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3 Emotional Conditions Social Security Disability Can Cover

Social security disability income can be used as a supplemental income for people with mild to harsh medical problems. Besides physical disabilities, emotional and mental disabilities are a reason to impair the ability to work and hold a job.

When applying for social security disability, a medical doctor, psychologist or a psychiatrist can evaluate the severity of your condition and let you know if you qualify for SSD. Even if you do not have a doctor, you can lay a claim with the help of family members, friends, a social security disability attorney or a disability advocate. Here are three emotional conditions that can qualify for an SSD.

Post-traumatic Stress Disorder

Post-traumatic stress disorder is a condition in which the patient experiences a reoccurring traumatic event. This emotional response to a stimulus that reminds them of the event can make the person physically and mentally unable to work or concentrate.

To be approved for SSD on the basis of PTSD, the client must have medical documentation by a healthcare provider like a physician or a therapist. The medical provider has to fill out a Residual Functional Capacity (RFC) form on their patient’s behalf to list the limitations for work.

Obsessive-compulsive Disorder

Obsessive-compulsive disorder, or OCD, is a condition that affects the everyday life of those suffering from it. Clients with OCD perform obsessive tasks to ease obsessive thoughts, feelings or ideas. This could be someone who always needs to check on the door locks to alleviate the fear of theft or someone who constantly cleans their home and belongings from germs.

OCD creates a cycle of repetitive actions that could take up most of the individual’s time and attention. Those with severe OCD are not capable of holding a job because of limitations to learning, following instructions, comprehending information, interacting in a socially-appropriate manner, concentrating, or regulating emotional responses to external events.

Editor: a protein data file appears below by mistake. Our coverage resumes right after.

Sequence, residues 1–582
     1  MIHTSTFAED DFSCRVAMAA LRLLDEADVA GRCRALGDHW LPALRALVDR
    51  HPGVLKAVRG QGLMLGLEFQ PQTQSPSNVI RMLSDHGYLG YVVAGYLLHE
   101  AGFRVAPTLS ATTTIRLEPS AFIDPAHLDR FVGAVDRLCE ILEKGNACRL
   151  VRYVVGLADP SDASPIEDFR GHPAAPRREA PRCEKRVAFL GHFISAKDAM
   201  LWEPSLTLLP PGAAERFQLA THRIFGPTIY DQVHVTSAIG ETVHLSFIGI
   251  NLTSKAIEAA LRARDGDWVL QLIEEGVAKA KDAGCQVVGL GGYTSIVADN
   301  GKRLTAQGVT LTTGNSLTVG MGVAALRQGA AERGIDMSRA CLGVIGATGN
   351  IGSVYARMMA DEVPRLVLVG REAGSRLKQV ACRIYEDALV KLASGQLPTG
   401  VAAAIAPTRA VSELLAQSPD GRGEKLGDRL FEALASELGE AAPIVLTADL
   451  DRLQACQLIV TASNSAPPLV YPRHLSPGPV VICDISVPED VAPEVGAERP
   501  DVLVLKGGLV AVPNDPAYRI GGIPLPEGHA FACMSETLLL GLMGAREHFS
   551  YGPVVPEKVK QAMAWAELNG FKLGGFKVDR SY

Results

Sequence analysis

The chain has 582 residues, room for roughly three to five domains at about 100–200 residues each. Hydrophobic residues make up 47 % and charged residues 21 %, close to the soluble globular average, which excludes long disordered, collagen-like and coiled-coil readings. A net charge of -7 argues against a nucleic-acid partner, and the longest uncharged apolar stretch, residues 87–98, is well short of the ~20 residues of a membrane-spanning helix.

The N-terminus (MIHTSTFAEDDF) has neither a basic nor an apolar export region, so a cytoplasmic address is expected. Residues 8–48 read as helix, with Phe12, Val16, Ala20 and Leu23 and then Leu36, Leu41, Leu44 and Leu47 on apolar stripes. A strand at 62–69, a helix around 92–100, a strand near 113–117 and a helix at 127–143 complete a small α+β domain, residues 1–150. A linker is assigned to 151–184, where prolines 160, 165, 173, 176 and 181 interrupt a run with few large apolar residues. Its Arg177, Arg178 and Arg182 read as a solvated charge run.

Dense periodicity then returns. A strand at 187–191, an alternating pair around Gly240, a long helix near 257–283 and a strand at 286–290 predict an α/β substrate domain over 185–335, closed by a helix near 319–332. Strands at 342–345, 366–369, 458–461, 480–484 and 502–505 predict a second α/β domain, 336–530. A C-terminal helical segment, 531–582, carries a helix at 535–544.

Panic Disorder

Individuals who experience panic attacks are eligible for SSD. A panic attack is an episode of physical response to seemingly existing danger. The one experiencing it has no control over the reactions of their body. Those can include a racing heart, sweating, shaking, hyperventilating, dizziness or headache. During a panic attack, the individual may be completely unable to tend to their work responsibilities.

Qualifying for SSD

When applying for Social Security Disability, you will go through an interview in which you will answer questions about your education, income and personal medical history. A social security attorney will understand if you want to bring someone with you to help fill out your documents and answer questions.

Author Bio: Emma Sturgis is a freelance writer living in Boston, MA. When not writing, she enjoys reading and indoor rock climbing. Find her on Google +

Bob Kraft

I am a Dallas, Texas lawyer who has had the privilege of helping thousands of clients since 1971 in the areas of Personal Injury law and Social Security Disability.

About This Blog

The title of this blog reflects my attitude toward those government agencies and insurance companies that routinely mistreat injured or disabled people. As a Dallas, Texas lawyer, I've spent more than 45 years trying to help those poor folk, and I have been frustrated daily by the actions of the people on the other side of their claims. (Sorry if I offended you...)

If you find this type of information interesting or helpful, please visit my law firm's main website at You will find many more articles and links. Thank you for your time.

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